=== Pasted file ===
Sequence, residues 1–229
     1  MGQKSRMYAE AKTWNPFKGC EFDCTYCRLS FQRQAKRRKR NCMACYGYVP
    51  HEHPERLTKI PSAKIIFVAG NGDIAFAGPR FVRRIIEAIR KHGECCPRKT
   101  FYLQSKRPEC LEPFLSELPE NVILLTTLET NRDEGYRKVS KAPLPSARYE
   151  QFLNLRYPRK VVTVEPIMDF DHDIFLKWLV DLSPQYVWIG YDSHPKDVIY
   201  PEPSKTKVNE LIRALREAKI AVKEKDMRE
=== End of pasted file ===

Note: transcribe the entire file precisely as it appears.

Sequence, residues 1–229
     1  MGQKSRMYAE AKTWNPFKGC EFDCTYCRLS FQRQAKRRKR NCMACYGYVP
    51  HEHPERLTKI PSAKIIFVAG NGDIAFAGPR FVRRIIEAIR KHGECCPRKT
   101  FYLQSKRPEC LEPFLSELPE NVILLTTLET NRDEGYRKVS KAPLPSARYE
   151  QFLNLRYPRK VVTVEPIMDF DHDIFLKWLV DLSPQYVWIG YDSHPKDVIY
   201  PEPSKTKVNE LIRALREAKI AVKEKDMRE